|MadSci Network: Physics|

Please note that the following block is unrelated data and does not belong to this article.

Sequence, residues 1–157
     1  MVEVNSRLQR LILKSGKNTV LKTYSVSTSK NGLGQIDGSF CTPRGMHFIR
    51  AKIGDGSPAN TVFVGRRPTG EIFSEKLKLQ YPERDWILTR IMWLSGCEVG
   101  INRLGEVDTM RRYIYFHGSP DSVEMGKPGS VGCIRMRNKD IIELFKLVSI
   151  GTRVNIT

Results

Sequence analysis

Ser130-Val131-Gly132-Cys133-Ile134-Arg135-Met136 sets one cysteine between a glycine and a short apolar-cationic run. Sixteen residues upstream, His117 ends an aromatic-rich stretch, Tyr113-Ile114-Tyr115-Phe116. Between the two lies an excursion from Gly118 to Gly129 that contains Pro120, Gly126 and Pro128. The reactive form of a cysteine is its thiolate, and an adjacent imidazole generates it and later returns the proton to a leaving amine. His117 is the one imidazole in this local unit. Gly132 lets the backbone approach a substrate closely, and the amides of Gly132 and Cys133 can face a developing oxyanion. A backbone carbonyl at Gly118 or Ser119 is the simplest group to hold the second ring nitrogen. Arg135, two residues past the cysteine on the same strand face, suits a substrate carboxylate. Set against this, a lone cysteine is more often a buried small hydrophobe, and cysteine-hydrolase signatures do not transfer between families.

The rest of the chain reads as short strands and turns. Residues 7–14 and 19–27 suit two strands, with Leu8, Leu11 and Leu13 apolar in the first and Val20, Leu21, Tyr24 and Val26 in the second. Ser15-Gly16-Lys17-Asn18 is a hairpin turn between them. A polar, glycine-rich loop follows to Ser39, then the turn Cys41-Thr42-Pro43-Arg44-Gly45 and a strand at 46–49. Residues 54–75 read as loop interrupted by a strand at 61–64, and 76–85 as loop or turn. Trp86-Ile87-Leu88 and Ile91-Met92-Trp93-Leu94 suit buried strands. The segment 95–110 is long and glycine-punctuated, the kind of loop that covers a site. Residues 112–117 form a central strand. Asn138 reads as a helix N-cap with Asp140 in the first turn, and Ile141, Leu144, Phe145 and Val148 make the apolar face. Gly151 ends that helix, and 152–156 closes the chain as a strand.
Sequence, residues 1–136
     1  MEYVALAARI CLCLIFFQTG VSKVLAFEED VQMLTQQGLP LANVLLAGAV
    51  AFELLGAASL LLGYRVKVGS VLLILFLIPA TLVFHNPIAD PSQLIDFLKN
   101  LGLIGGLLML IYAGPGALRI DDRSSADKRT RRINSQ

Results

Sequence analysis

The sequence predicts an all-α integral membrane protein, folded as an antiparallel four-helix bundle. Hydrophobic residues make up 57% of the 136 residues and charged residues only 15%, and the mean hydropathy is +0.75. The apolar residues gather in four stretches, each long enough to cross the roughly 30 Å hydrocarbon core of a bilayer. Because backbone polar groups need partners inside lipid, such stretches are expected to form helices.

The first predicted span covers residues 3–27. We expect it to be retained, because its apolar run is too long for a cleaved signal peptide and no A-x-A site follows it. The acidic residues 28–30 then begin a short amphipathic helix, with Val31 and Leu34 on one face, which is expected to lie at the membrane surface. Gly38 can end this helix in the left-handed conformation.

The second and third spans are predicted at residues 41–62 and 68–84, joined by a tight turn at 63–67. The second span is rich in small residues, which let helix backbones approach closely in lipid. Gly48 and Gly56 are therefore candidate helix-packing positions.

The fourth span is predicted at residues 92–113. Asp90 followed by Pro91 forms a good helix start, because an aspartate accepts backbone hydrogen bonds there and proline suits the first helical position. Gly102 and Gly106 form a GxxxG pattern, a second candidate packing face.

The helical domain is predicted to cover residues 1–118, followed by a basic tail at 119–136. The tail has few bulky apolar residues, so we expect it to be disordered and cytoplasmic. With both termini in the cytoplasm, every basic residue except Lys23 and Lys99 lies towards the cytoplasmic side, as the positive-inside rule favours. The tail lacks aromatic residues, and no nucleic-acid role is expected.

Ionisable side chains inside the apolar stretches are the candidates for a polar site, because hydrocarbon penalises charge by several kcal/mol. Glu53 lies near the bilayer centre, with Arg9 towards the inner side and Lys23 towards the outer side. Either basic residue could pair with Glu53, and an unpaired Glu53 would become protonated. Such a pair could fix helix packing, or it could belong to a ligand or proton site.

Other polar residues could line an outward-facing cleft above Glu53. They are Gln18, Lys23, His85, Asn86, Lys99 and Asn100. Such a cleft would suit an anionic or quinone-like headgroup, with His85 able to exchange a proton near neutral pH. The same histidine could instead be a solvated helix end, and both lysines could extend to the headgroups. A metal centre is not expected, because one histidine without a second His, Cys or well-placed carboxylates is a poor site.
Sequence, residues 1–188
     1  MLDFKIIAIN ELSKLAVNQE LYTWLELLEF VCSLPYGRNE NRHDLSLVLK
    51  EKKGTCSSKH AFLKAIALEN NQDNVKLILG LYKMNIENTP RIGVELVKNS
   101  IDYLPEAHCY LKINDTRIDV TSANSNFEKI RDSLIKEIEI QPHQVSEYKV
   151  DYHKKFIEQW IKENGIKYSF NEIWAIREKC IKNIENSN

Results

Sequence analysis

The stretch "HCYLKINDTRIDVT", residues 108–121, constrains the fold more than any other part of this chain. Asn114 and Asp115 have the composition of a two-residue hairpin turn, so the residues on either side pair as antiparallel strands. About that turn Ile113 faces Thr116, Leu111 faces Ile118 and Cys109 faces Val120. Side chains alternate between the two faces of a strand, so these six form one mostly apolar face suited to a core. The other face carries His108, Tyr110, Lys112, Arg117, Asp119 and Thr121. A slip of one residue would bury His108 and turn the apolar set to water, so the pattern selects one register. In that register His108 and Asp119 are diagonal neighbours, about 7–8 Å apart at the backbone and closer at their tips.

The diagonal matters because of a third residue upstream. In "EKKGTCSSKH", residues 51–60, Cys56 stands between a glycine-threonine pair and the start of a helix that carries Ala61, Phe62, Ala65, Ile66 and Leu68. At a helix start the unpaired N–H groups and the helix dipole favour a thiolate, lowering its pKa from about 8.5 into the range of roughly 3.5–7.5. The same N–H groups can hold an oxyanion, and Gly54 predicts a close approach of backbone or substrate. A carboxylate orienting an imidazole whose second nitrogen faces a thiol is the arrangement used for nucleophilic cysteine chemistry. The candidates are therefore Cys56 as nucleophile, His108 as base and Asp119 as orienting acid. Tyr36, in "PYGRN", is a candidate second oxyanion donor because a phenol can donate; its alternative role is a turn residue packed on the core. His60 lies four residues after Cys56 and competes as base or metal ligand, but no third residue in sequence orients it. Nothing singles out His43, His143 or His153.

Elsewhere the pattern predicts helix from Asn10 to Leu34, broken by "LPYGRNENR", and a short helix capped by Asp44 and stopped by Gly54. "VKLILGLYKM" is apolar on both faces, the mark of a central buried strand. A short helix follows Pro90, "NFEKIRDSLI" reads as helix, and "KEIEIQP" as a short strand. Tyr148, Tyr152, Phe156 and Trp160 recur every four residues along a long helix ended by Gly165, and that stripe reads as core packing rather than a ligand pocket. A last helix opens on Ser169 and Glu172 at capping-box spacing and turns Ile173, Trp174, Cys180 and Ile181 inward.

Michael, Voltage is not the key here, but power is. Power is measured in Watts or sometimes Volt-Amps (VA). Power, in electrical terms, is calculated as the voltage times the current. All of our US power systems have a voltage of nominally 110 volts. A 100 watt bulb is designed to use about 100/110 amperes (amps) of current or about 0.9 amps. The 20 watt bulb only uses about 0.2 amps. As the current flows through the bulb, it is really many, many electrons moving through the wires. As these electrons move through the bulb, they heat up a coil of wire that has a resistance to the flow of the electrons. As the wire heats up, it gives off photons of light in the visible part of the spectrum, that we can see, and also in the infrared part of the spectrum, that we can't see but that can heat other things up, like the glass of the bulb. The resistance of the 20 watt bulb to the flow of the electrons is higher, so fewer of the electrons can go through the coil. The wire is generally smaller, so as it heats up and glows, but fewer photons are produced - that is why the light is dimmer and the bulb is cooler. I hope this helped. Sincerely, Todd Jamison, Chief Scientist, Observera, Inc. [note added by MadSci Admin: The power rating of bulbs (in your case 20 and 100 Watts) is the *electrical* power that the bulb operates with. The amount of this energy that actually goes into visible light is only about 2.5% to 5% of the total (electrical) power. They are not efficient!]
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